Dust over Gulf of Oman, Arabian Sea

Dust over Gulf of Oman, Arabian Sea

A weather forecast for the United Arab Emirates (UAE) on January 31, 2008, called for high winds and the possibility of dust storms. Two days later, the predictions came to pass—with a vengeance. The Moderate Resolution Imaging Spectroradiometer (MODIS) on NASA’s Terra satellite captured this image of Oman, UAE, Iran, Pakistan, the Gulf of Oman, and the Arabian Sea. This image shows thick dust plumes, bordered by thick banks of clouds, blowing over the ocean waters.

Vast sand seas cover much of the Arabian Peninsula, and smaller pockets of sand occupy Iran and Pakistan. This picture shows dust plumes blowing southward from Iran and Pakistan, fanning out over the Gulf of Oman. Farther south, a massive cloud of dust stretches over the Arabian Sea. Although some dust plumes appear to originate near the southeastern coast of Oman, much of the dust likely originates farther inland on the peninsula.

This sea of airborne sand is just one conspicuous example of the dust that constantly envelops our planet. That dust can include, according to science and natural history writer Hannah Holmes, “skin flakes, rock flecks, tree bark, bicycle paint, lampshade fibers, ant legs, sweater wool, brick shards, tire rubber, hamburger soot, and bacteria.” Certain parts of the world, however, excel at dust production. Besides the Middle East, most of the world’s dust storms arise in the Sahara Desert, Southwest Asia, and Mongolia.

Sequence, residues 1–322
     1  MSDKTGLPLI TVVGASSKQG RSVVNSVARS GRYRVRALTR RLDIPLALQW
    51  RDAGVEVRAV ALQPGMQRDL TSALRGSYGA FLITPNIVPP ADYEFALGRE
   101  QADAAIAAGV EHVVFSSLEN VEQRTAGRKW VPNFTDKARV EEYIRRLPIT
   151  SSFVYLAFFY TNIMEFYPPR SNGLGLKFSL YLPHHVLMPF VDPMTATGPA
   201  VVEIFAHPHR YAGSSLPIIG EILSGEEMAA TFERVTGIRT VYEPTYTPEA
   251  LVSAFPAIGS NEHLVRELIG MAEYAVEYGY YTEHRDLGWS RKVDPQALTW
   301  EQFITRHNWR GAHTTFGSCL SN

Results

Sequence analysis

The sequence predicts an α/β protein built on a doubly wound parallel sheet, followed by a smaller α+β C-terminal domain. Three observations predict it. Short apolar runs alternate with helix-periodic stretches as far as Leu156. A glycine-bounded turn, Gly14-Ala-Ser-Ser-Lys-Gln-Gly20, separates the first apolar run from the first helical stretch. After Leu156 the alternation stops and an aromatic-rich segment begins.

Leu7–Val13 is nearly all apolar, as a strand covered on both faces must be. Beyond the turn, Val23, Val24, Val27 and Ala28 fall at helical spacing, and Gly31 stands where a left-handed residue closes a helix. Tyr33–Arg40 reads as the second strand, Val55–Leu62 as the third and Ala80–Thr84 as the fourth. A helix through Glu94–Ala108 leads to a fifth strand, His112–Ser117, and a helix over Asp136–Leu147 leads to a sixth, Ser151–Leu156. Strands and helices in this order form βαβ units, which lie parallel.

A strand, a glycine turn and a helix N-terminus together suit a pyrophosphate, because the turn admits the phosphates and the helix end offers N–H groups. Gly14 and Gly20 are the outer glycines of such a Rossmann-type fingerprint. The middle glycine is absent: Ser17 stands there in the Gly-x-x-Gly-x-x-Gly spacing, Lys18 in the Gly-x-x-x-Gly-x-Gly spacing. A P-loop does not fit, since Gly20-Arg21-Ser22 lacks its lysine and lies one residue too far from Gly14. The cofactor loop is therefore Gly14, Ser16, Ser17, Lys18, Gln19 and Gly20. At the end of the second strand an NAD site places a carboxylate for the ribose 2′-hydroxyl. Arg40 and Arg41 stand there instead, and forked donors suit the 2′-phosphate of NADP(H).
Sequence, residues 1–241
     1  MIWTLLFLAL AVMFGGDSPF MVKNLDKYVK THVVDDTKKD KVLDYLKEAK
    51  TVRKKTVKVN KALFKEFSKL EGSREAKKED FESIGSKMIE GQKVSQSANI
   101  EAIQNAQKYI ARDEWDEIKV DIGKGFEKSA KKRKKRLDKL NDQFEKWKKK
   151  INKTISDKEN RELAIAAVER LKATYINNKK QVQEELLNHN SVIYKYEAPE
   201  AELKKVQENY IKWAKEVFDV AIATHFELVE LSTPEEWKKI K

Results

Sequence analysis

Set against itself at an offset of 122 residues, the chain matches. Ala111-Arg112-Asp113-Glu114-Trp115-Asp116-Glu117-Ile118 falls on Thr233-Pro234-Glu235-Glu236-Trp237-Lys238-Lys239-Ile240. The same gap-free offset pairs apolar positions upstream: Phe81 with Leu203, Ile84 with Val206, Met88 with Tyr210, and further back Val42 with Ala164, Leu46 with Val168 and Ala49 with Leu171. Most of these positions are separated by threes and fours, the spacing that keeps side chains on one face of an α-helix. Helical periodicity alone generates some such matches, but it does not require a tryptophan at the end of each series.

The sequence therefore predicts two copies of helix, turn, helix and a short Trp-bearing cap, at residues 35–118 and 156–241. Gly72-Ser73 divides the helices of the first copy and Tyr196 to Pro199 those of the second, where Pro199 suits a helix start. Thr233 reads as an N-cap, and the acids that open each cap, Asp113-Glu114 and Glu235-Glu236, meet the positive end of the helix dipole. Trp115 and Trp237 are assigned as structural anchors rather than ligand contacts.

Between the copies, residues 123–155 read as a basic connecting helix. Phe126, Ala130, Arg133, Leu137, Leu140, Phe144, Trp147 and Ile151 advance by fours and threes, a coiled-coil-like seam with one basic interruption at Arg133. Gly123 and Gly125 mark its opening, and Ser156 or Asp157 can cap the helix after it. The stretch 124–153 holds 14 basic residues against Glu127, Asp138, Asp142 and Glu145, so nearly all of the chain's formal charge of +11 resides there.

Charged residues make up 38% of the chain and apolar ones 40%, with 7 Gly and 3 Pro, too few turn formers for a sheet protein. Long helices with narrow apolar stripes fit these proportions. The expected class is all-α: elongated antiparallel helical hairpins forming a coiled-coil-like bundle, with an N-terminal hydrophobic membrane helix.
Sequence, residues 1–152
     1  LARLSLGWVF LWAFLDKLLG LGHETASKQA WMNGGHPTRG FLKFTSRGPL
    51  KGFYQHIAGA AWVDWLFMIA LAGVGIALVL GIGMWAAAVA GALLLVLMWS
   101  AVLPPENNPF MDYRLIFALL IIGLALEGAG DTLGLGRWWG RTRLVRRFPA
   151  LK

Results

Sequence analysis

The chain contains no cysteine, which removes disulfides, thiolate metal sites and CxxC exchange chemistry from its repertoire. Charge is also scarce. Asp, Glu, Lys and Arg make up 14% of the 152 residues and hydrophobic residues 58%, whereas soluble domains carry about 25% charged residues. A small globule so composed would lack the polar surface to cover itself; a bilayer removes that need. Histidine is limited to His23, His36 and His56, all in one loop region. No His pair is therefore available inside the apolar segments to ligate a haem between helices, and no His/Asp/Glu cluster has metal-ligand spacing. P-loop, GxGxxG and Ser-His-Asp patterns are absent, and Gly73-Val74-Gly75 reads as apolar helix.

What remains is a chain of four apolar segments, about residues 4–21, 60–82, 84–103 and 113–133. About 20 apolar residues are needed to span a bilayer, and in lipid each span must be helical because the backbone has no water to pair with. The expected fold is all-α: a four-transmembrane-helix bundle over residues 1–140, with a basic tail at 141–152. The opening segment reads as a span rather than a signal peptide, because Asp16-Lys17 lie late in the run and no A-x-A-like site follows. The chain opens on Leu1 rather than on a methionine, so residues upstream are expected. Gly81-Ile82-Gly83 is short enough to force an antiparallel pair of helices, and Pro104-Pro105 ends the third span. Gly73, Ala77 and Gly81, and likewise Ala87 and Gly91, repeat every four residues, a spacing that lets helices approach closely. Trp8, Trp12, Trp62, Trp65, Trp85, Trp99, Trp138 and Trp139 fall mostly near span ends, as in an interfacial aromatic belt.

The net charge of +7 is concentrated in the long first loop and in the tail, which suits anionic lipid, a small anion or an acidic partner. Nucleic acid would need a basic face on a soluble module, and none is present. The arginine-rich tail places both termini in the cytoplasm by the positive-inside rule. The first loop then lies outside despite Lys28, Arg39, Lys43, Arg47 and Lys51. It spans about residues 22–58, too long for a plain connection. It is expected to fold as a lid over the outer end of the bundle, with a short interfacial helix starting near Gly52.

Dust encircling the Earth can do more than cloud skies and color sunsets; it can carry both critical nutrients and dangerous pathogens vast distances. Dust from the Sahara desert, for instance, regularly fertilizes soils in the Amazon rainforest. Saharan dust also lands closer to home, in the Atlantic Ocean, where it provides nutrients to phytoplankton, tiny plant-like organisms that are the basis of the marine food web. These phytoplankton take up carbon dioxide during photosynthesis, helping regulate climate.

Dust also has a sinister side. Saharan dust has played a role in coral mortality in the Caribbean. “Yellow Dust” carries sand from The Gobi and Taklimakan Deserts, along with industrial pollutants from China, eastward to Korea and Japan. Continuing its journey, the dust accounts for some of the smog in Los Angeles. Scientists have also begun to examine the role of dust in the spread of disease, including SARS and foot-and-mouth disease.

You can download a 250-meter-resolution KMZ file of the dust storm suitable for use with Google Earth.

NASA image courtesy Jeff Schmaltz, MODIS Land Rapid Response Team at NASA GSFC. Caption by Michon Scott.

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